\cventry{2011 -- 2015}{Honours Physics, H.BSc}{FSU}{Tallahassee, Florida}

When this is translated there is a comma space period after florida (eg...Florida, .)

I don't want this there but can't solve this problem, which I know is easily solved.

  • 3
    Welcome to TeX - LaTeX! Such behaviour is dependent on your set-up. Please add a minimal working example (MWE) that demonstrates the effect. Commented Jan 6, 2016 at 7:11
  • 2
    What template is that? There are dozens of CV templates out there. A MWE would e better.
    – Johannes_B
    Commented Jan 6, 2016 at 7:41
  • 2
    You say you know the solution is easy. That is a strange thing to say when asking a question.
    – Johannes_B
    Commented Jan 6, 2016 at 7:42

1 Answer 1


I assume this is the moderncv class. A minimal working example is therefore




    \cventry{2011 -- 2015}{Honours Physics, H.BSc}{FSU}{Tallahassee, Florida}


Note that I replaced the \textit{} from your code snippet with abc, so you can see the effect better. The result of this MWE is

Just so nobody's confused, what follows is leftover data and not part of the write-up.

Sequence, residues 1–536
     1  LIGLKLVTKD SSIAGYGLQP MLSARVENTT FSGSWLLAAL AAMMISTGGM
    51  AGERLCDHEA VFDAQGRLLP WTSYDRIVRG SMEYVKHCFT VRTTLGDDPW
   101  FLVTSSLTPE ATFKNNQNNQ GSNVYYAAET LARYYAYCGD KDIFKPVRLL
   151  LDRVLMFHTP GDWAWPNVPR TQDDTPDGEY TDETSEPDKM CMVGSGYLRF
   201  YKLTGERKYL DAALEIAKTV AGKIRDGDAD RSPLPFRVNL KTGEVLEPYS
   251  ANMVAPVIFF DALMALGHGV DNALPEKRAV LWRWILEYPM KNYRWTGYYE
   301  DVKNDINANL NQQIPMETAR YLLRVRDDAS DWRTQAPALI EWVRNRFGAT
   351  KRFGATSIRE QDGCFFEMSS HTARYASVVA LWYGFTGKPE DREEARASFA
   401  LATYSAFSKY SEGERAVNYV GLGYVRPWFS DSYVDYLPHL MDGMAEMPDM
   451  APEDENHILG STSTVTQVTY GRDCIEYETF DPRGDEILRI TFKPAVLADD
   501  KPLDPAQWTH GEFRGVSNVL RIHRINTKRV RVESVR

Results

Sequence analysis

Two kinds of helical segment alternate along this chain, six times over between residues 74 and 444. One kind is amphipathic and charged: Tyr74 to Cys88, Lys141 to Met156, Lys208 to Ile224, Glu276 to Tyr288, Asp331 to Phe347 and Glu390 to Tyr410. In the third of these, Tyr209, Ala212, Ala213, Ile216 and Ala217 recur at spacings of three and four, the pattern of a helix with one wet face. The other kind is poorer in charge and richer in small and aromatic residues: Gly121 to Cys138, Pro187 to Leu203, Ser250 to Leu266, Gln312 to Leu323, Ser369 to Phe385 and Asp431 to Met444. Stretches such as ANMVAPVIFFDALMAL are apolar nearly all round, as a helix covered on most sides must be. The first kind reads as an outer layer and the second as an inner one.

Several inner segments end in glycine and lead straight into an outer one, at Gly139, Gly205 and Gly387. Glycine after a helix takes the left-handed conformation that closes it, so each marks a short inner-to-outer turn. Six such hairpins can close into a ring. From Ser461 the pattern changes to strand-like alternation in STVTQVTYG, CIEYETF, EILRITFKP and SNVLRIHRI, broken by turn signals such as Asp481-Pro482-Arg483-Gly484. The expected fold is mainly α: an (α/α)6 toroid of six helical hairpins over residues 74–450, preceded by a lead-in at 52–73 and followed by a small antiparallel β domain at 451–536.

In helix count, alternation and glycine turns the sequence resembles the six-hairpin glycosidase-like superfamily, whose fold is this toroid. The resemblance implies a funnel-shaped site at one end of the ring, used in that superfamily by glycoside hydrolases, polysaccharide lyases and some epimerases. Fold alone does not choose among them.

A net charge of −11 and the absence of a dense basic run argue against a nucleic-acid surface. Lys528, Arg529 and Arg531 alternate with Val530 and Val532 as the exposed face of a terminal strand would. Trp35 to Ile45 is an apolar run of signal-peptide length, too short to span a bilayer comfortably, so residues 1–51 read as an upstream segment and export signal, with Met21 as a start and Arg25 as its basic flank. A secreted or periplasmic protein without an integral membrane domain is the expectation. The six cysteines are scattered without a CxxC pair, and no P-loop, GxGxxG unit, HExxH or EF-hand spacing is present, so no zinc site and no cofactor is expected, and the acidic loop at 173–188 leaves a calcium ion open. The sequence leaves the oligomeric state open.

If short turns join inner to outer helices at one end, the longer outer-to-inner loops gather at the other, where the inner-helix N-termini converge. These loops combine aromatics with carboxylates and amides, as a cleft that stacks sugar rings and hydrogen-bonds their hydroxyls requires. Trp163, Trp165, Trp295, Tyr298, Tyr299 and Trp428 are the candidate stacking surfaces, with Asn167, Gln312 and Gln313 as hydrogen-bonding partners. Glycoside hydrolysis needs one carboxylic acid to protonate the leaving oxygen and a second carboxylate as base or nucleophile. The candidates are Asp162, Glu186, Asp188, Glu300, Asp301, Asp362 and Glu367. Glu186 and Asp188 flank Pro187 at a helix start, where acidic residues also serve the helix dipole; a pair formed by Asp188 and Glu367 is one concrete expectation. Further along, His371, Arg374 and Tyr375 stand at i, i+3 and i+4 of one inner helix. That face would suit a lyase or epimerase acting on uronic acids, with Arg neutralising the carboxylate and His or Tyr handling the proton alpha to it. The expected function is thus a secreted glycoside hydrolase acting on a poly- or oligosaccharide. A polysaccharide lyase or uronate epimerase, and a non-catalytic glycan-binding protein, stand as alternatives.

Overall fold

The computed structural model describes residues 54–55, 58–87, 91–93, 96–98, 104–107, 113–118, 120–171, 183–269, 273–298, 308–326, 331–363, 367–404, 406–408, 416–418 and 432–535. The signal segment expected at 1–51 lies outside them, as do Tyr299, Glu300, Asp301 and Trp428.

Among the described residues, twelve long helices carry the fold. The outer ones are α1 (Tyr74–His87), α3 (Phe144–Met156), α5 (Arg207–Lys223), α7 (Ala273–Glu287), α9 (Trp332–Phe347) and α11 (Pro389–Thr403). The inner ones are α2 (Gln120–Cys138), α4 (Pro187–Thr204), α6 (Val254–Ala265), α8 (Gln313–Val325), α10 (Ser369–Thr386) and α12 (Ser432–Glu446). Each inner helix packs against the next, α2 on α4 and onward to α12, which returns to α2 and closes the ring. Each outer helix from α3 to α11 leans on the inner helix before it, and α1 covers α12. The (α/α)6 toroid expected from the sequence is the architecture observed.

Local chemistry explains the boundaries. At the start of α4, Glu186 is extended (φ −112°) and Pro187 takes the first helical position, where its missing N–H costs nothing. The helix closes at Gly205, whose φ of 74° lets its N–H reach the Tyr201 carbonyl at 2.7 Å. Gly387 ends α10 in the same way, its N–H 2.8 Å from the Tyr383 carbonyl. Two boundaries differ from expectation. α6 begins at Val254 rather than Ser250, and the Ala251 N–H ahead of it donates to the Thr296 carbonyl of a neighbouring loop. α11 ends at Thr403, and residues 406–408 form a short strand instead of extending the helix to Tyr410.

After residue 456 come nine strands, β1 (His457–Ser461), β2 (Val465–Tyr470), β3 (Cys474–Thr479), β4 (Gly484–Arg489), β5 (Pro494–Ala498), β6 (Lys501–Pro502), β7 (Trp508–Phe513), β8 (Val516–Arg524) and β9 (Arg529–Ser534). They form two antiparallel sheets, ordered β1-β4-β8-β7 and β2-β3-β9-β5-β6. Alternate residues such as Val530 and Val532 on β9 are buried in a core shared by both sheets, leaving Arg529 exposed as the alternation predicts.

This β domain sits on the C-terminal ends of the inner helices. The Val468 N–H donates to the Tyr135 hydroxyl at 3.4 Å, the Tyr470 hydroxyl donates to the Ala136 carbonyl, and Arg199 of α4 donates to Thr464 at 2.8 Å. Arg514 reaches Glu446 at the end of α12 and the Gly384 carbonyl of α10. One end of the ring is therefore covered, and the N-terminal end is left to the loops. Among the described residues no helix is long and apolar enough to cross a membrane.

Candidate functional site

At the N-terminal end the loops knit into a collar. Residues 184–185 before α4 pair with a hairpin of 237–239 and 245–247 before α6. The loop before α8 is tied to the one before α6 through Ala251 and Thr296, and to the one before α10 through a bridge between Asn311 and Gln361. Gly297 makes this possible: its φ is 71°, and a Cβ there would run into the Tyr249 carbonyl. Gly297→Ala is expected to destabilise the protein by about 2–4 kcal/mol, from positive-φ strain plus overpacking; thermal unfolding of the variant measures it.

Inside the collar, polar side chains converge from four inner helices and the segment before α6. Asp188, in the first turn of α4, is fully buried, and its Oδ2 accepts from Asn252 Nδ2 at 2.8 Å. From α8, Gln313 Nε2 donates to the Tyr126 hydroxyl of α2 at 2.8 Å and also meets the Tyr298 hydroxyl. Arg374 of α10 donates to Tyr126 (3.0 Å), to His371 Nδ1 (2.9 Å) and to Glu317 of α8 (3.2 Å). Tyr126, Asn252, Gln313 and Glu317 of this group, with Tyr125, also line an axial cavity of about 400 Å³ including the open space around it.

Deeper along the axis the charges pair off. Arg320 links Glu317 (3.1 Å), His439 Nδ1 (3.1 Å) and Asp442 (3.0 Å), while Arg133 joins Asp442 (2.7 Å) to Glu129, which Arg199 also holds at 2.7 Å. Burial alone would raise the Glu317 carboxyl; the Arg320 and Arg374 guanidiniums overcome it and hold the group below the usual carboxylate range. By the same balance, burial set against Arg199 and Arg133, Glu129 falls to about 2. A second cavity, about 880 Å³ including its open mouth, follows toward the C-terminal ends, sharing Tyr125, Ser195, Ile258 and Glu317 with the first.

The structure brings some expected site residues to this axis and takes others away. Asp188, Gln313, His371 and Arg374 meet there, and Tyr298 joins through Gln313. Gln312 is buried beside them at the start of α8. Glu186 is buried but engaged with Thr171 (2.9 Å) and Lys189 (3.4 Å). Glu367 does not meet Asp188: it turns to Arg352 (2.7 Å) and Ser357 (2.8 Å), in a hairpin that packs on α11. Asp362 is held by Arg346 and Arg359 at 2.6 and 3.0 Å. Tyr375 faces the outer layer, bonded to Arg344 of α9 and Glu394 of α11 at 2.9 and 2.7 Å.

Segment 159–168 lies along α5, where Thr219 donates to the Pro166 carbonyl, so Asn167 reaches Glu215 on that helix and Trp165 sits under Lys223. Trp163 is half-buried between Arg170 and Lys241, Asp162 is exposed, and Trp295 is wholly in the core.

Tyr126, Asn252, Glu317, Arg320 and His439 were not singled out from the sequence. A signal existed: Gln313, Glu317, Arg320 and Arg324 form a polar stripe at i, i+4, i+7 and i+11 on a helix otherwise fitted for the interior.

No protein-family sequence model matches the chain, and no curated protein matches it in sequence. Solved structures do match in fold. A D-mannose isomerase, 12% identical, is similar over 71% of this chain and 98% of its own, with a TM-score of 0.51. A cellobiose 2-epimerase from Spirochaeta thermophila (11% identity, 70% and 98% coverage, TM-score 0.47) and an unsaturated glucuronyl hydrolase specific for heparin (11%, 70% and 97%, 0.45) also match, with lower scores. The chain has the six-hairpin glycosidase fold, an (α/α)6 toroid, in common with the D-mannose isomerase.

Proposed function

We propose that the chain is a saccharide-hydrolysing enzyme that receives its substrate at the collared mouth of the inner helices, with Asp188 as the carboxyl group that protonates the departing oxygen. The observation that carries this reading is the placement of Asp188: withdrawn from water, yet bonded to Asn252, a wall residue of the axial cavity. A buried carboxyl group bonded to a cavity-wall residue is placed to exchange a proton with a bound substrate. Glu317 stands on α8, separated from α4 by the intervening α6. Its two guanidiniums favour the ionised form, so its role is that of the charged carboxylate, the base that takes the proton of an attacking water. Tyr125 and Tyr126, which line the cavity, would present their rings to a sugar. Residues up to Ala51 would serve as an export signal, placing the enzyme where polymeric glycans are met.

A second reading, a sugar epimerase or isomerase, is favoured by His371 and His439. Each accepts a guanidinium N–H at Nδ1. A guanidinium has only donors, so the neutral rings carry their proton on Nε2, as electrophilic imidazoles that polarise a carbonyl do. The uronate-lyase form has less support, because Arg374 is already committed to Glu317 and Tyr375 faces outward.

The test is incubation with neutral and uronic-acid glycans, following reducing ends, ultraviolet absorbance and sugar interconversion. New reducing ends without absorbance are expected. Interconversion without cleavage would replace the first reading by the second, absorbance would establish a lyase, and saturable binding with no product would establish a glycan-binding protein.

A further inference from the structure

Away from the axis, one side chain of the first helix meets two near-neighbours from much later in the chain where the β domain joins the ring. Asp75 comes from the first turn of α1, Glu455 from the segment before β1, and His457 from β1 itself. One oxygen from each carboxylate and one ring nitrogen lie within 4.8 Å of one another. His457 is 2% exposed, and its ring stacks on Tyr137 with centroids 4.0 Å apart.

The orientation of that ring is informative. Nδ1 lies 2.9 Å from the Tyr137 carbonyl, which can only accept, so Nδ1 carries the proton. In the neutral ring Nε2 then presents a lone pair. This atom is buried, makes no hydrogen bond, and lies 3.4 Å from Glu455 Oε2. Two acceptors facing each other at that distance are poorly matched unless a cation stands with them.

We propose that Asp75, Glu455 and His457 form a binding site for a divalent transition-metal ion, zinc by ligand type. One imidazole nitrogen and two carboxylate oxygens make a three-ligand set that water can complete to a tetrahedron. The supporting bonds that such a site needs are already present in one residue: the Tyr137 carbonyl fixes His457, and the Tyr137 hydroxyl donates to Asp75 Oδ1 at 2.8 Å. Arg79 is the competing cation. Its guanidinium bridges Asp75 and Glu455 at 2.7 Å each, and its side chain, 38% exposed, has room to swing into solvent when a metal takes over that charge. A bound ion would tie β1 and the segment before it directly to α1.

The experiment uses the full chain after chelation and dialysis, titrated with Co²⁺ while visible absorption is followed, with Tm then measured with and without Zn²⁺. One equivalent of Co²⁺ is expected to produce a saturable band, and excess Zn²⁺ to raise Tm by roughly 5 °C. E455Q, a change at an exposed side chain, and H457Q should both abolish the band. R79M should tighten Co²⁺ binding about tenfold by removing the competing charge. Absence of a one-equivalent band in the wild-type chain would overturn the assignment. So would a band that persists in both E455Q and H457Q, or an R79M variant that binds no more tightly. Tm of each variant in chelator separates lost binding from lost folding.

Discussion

You can see that the a and the b are still part of the entry, while c is a new paragraph. This is, because the definition of \cventry is

\cventry{year}{degree title}{institution}{city}{grade}{description}

You only provide the arguments up to city and no grade or description. LaTeX therefore assumes that the next letters are your grade (here: a) and description (b). As you have \textit{} on the next line, this \textit{} is recognized as grade and printed there. As the output of that is empty, you only see the comma which separates the city from the grade, and the final dot.

If you want to omit values, you need to write empty closed brackets in their place:

\cventry{2011 -- 2015}{Honours Physics, H.BSc}{FSU}{Tallahassee, Florida}{}{}

With that, the MWE becomes


Now abc are all in a new paragraph, and there are no unnecessary commas.

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